Medical research in New South Wales 1993-1996 assessed by Medline publication capture

Emmanuel J Favaloro
Med J Aust 1998; 169 (11): 617-622.
Published online: 14 December 1998

Medical Research Perspectives

Medical research in New South Wales 1993-1996 assessed by Medline publication capture

Emmanuel J Favaloro

MJA 1998; 169: 617-622

Abstract - Introduction - Methods - Results - Discussion - Conclusions - Acknowledgements - References - Author's details
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Objectives: To assess medical research publication output in New South Wales (NSW).
Design: Analysis of publication information from the Medline indexing database, 1993-1996 inclusive.
Setting: Teaching hospitals and affiliated universities and medical research institutes within NSW, the major sites for NSW medical science publications.
Major outcome measures: Cumulative number and location of Medline-identified publications; journal citation indices (impact factor and immediacy index).
Results: 8860 published articles were captured for the analysis period. Universities and hospitals accounted for most of the publications (n = 7755). A mean of 73.1% (range, 36%-100%) of all articles were published in overseas journals, and the rest in Australian journals. This average trend applied to most universities and teaching hospitals, whereas research institutes published almost exclusively in overseas journals. Average publication impact factor values for most universities and teaching hospitals were around the average value for all NSW publications (2.203). The range for teaching hospital publications was 1.000-2.823, but for the overseas-publishing medical research institutes it tended to be higher (2.480-5.423). Immediacy index data yielded similar findings.
Conclusions: The universities and teaching hospitals account for most of the medical publications arising from NSW, and also those appearing in Australian journals. Thus, these sites provide the bulk of Australian medical practice end-user information. In contrast, the medical institutes concentrate on publishing in overseas journals with higher and quicker citation rates (higher impact factor and immediacy index).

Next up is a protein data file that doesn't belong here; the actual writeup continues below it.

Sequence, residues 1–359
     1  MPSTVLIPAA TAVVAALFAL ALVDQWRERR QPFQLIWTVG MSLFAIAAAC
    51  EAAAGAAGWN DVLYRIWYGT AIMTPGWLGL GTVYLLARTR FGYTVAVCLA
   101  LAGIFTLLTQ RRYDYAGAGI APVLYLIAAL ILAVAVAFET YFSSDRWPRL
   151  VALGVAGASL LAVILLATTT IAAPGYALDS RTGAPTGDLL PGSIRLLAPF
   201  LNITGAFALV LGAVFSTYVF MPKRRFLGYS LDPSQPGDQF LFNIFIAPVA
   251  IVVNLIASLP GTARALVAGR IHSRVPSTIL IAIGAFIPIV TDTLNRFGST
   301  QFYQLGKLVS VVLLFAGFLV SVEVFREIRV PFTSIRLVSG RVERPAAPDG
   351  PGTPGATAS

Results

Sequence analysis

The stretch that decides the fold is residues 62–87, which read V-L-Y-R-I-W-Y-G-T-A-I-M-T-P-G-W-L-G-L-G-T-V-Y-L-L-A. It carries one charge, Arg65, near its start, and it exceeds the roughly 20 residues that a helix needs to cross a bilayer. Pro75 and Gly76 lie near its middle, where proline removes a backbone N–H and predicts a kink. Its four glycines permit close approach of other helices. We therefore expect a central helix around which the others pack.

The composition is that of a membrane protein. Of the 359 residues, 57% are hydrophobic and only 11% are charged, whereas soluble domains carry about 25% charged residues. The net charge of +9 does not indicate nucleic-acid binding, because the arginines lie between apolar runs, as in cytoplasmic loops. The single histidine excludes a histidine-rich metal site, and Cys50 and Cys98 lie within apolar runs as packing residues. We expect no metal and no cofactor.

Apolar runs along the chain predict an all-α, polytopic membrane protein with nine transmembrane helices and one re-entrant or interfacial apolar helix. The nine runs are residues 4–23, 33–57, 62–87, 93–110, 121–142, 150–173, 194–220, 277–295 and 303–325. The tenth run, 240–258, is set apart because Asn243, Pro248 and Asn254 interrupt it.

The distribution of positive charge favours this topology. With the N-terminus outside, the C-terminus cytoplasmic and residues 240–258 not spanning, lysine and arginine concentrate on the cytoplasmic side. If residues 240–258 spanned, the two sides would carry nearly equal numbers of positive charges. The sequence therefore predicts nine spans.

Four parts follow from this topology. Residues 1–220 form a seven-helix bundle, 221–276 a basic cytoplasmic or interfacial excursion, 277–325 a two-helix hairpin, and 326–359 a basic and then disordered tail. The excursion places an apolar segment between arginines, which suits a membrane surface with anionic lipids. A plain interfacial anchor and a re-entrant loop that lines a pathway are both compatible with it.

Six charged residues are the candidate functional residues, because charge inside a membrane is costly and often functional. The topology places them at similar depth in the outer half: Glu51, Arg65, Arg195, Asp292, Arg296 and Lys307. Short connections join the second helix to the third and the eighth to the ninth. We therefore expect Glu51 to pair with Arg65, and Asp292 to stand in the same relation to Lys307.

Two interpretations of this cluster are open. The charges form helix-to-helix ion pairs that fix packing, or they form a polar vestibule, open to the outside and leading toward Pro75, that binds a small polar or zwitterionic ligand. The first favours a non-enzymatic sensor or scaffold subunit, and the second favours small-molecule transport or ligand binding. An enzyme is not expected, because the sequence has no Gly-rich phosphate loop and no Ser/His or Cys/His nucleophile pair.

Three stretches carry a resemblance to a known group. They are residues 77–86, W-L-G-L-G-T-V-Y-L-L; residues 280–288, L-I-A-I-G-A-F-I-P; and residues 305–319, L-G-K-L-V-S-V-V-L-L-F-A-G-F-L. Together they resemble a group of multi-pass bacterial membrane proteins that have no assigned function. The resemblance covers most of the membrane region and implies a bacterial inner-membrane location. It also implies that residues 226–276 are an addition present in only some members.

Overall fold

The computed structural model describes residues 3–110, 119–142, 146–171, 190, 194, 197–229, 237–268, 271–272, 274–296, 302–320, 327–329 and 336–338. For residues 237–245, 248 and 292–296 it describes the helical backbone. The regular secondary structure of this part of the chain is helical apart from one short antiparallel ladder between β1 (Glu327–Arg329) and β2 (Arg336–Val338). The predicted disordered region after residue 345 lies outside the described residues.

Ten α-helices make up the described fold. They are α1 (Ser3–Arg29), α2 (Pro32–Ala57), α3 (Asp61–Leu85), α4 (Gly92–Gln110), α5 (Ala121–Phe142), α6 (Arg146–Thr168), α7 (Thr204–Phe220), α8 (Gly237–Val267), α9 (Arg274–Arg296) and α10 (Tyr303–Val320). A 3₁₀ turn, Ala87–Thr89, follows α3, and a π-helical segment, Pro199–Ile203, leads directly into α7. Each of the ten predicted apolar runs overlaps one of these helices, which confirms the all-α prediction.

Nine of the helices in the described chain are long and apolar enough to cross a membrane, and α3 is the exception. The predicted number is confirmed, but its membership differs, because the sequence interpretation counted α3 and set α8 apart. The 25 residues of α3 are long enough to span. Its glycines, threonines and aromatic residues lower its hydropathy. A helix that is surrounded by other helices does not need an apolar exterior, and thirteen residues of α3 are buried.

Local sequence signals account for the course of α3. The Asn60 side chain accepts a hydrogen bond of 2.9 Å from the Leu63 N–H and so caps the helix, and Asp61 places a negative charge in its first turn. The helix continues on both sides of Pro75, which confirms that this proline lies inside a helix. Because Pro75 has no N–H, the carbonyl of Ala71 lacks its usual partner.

The Medline database can be used to capture research publications arising from within one institution or the search can be expanded to include, for example, all Medline-held publications from one State. Further, to help analyse publication activity, publication data derived from Medline searches can be merged with markers of publication citation, such as "impact factor" and "immediacy index". This latter information comes from the Institute for Scientific Information (ISI; Philadelphia, USA), which catalogues most of the major research journals in Science Citation Index (SCI) publications,1 and publishes "impact factor" and "immediacy index" data. Data on impact factors are often also used as surrogate markers of publication "quality", although there is much debate about the validity of this approach.2-5

Recently, Bourke and Butler analysed individual article citation rates as a measure of basic medical and health sciences research in Australia and concentrated largely on universities and high profile research institutes.6 Although these authors have produced several other reports analysing Australian research activities,7 none has looked specifically at teaching hospitals, "affiliated" research institutes (defined as the "research arm" of the hospital) and associated universities within New South Wales (NSW).

This article reports the results of such a sampling analysis.


A complete description of the methods used is beyond the scope of this report. In brief, the Medline publication indexing database (Silverplatter version) was used to capture "quantitative" research publication information. This database indexes most major journals in medical and related fields (veterinary, pathology and cell science), and each publication indexed includes the primary author's address.